Submitted to: Molecular Breeding
Publication Type: Peer Reviewed Journal
Publication Acceptance Date: 2/4/1997
Publication Date: N/A
Citation: N/A Interpretive Summary: Plant death due to iron deficiency is a serious problem in soybean, especially on soils with high pH. Leaf yellowing and subsequent poor plant health due to iron deficiency causes millions of dollars in lost revenue to soybean growers every year. Breeders have been attempting to breed more iron efficient soybeans for years with some success. A better understanding of the genetics controlling this trait would help us to develop more efficient beans. In this study the authors discovered that one gene can make a very large contribution to the trait, but that the gene has different effects in different cultivars. They also 'tagged' the gene with markers that can help breeders select better cultivars. This work is a breakthrough in understanding the genetic control of this complex physiological trait and will help breeders in designing strategies for developing iron efficient cultivars.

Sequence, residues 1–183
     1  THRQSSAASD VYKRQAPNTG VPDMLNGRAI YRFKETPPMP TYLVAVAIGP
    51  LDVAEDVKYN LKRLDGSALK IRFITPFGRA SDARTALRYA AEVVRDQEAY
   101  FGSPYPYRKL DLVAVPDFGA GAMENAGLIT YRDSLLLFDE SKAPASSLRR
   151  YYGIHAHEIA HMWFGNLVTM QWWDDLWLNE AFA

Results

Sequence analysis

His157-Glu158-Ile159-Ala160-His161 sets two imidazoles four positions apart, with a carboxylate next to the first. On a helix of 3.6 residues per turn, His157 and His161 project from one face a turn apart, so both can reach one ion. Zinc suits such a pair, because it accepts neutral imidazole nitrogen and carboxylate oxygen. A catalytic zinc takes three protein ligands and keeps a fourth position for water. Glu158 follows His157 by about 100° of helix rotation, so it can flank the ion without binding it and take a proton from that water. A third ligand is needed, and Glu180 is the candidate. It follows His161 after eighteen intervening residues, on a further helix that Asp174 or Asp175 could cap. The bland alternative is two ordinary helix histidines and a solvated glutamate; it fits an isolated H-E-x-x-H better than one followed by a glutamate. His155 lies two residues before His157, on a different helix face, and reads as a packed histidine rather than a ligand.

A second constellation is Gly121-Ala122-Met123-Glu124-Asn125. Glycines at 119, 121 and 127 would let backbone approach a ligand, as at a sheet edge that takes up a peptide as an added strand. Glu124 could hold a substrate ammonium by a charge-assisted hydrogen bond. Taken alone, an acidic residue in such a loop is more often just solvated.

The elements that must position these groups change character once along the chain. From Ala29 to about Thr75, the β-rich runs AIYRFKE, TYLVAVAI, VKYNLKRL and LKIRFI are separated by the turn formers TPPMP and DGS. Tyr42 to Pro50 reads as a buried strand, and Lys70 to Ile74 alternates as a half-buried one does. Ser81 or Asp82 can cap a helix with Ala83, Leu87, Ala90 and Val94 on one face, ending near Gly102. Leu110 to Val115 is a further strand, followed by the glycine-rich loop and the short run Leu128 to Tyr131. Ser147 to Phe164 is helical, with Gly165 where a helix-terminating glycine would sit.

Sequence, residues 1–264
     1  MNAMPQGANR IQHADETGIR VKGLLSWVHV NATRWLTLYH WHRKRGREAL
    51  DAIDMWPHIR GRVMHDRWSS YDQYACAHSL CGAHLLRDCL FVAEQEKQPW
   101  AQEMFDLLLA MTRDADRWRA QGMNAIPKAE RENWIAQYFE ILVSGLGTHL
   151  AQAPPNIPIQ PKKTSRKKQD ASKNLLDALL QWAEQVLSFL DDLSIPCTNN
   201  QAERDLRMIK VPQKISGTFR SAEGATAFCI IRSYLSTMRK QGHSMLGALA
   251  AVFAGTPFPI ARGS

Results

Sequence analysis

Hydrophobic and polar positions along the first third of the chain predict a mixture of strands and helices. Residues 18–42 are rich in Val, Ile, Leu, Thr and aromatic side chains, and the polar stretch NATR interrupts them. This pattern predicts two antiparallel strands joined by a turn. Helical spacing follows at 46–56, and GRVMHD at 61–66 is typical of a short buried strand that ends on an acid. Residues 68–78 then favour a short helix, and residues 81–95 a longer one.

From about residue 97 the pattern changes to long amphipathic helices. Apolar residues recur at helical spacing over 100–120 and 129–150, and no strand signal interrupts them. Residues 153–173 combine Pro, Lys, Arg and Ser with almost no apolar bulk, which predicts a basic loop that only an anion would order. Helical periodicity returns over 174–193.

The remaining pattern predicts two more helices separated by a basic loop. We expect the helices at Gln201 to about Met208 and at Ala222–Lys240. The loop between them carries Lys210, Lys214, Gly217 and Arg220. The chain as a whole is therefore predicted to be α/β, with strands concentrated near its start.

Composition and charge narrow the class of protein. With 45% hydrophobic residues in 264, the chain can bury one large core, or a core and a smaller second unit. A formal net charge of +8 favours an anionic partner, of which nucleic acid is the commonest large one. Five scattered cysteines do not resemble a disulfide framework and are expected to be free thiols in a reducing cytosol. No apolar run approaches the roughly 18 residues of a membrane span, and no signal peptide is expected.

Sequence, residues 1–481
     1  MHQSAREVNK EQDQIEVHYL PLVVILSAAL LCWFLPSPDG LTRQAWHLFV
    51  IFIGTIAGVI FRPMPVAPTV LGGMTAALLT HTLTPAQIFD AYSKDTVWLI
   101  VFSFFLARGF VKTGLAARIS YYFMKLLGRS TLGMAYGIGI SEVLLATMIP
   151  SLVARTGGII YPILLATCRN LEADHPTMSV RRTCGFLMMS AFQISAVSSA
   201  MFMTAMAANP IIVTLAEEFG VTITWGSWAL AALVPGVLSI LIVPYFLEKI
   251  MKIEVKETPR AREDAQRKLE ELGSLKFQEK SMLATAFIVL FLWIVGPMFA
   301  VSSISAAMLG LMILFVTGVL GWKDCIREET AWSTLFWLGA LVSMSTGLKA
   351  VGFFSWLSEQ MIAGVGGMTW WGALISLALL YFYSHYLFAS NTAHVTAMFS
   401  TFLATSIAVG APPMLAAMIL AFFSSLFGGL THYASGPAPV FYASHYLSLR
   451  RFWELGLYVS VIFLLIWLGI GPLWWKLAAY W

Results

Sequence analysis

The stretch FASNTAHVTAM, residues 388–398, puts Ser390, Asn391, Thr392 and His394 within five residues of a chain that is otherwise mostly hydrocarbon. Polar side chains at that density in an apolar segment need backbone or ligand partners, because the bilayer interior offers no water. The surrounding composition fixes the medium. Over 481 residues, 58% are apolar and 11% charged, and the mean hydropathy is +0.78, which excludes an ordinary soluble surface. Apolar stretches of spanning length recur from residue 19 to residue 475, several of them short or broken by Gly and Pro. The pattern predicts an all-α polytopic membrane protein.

Technical Abstract: Chlorosis symptoms for one hundred and twenty F2:4 lines from a Pride B216 x A15 cross, and 92 F2:4 lines in a Anoka x A7 population were evaluated at the V4 stage (third trifoliolate leaf fully developed) in a field of calcareous soil in 1993, and at V2 (first trifoliolate leaf fully developed) and V4 stages in 1994. Eighty-nine RFLP and ten SSR markers in the Pride B216 x A15 population, and 82 RFLP, 14 SSR, and I (hilum color) markers in the Anoka x A7 population were used to construct linkage maps and to locate quantitative trait loci (QTL) affecting iron deficiency chlorosis. QTL controlling visual scores and/or chlorophyll concentrations were detected on linkage groups B2, G, H, I, L, and N of the Pride B216 x A15 population. No QTL with large effects were detected suggesting a typical polygene mechanism in this population. In contrast, in the Anoka x A7 population, one QTL contributed an average of 72.7% of the visual score variation and 68.8% of the chlorophyll concentration variation and was mapped on linkage group N. Another QTL for visual score variation, and one for chlorophyll concentration variation were detected on linkage groups A1 and I, respectively. We reclassified the quantitative data into qualitative data fitting a one major gene model according to the means of the QTL genotypic classes. The putative major gene was mapped in the same interval of linkage group N using both visual scores and chlorophyll concentrations, thus verifying that one major gene is involved in segregation for iron chlorosis deficiency in the Anoka x A7 population.